Natural Roots' chicken coop, automatic roll out egg boxes to gutters on the outside, and rain water catchment from the roof to large diameter PVC pipes underneath the coop.  

Custom built horse pulled waterwheel transplanter (I really want to build one of these this fall)

David Fisher demonstrating the spring tooth harrow with three abreast.

David and his cultivator getting ready to demonstrate bed shaping. Custom built center shank, custom built board drag to even and firm the seed bed. 

Custom built horse drawn boom sprayer. 

We were also lucky enough to have some friends over yesterday for a transplarty (coined by Scott Hoffman, official Two Spruce Neologist). We got 200 tomato plants in the ground plus a bunch of lettuce, chard, squash, and fennel. Thank you so much Mary Kate, Kat, and Jess! Afterwards, we had a really fun meal with Donn and Maryrose and the Kingbird crew, Karma, Michael, and Rosie. Not only did Jess help us plant, she also did an awesome job of documenting the day on her blog, taking the pressure off us :). Thanks Jess!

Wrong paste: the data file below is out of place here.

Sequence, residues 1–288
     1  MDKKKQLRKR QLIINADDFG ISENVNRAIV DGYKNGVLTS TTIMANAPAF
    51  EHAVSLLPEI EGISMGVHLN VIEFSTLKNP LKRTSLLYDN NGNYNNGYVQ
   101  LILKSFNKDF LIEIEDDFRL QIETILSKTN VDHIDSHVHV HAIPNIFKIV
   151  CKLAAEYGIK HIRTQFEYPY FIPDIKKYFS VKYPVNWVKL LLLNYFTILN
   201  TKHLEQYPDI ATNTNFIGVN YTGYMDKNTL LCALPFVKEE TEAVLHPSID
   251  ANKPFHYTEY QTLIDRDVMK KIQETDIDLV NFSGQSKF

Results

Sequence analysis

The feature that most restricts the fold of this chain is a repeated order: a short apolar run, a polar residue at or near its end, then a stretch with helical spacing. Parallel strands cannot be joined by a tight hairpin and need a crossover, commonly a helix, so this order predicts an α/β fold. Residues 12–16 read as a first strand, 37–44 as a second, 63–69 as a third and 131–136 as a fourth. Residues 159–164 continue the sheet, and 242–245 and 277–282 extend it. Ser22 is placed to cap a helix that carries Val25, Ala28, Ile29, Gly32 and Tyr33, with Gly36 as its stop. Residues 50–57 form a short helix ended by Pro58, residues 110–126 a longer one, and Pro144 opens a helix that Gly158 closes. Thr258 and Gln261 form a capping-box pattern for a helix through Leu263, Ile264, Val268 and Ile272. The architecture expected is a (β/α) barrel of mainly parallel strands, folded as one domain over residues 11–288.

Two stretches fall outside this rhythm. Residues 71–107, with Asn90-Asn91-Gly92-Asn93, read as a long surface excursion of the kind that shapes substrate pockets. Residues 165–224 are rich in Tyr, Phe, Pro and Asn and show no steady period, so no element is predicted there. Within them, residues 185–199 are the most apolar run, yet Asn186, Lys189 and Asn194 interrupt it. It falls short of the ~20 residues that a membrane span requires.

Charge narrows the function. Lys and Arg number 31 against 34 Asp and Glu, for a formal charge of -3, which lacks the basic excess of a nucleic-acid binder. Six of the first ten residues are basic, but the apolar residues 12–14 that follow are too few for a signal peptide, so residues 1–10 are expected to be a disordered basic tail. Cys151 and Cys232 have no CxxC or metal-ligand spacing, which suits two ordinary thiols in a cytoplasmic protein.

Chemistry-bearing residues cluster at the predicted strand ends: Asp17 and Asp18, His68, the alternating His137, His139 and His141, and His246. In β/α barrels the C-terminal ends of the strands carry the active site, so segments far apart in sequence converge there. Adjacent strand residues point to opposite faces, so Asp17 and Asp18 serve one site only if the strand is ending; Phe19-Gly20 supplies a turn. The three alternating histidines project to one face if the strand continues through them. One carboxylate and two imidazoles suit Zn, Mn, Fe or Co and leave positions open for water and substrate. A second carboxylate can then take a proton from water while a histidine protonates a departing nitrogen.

Milking begins tomorrow which means lots of noisy, weened lambs and a big transition into the main part of the season, milking twice a day and making hay. Here we go! 

Saturday, May 18, 2013

the end of plowing + 5 abreast + pasture clipping

Hello everyone,

Lots of horse fieldwork going on around here lately. For one, Daniel and I finished plowing the big field a few days ago. For the most part we were working together with one of us on the plow handles and one driving the horses but we each made a few trips around by ourselves. We're happy to have that done, though plowing is fun and challenging and we would certainly do more. I harrowed yesterday with the three mare team of Connie, Polly and Lady so we're ever closer to having the whole field prepped. Meanwhile the alliums and brassicas we have in the field already have been doing well, and we're preparing for a big wave of transplanting of melons, summer and winter squash, tomatoes, peppers, celery etc etc sometime in the next few days. There are also some photos below of Donn discing with 5 animals, and Daniel and I clipping pasture.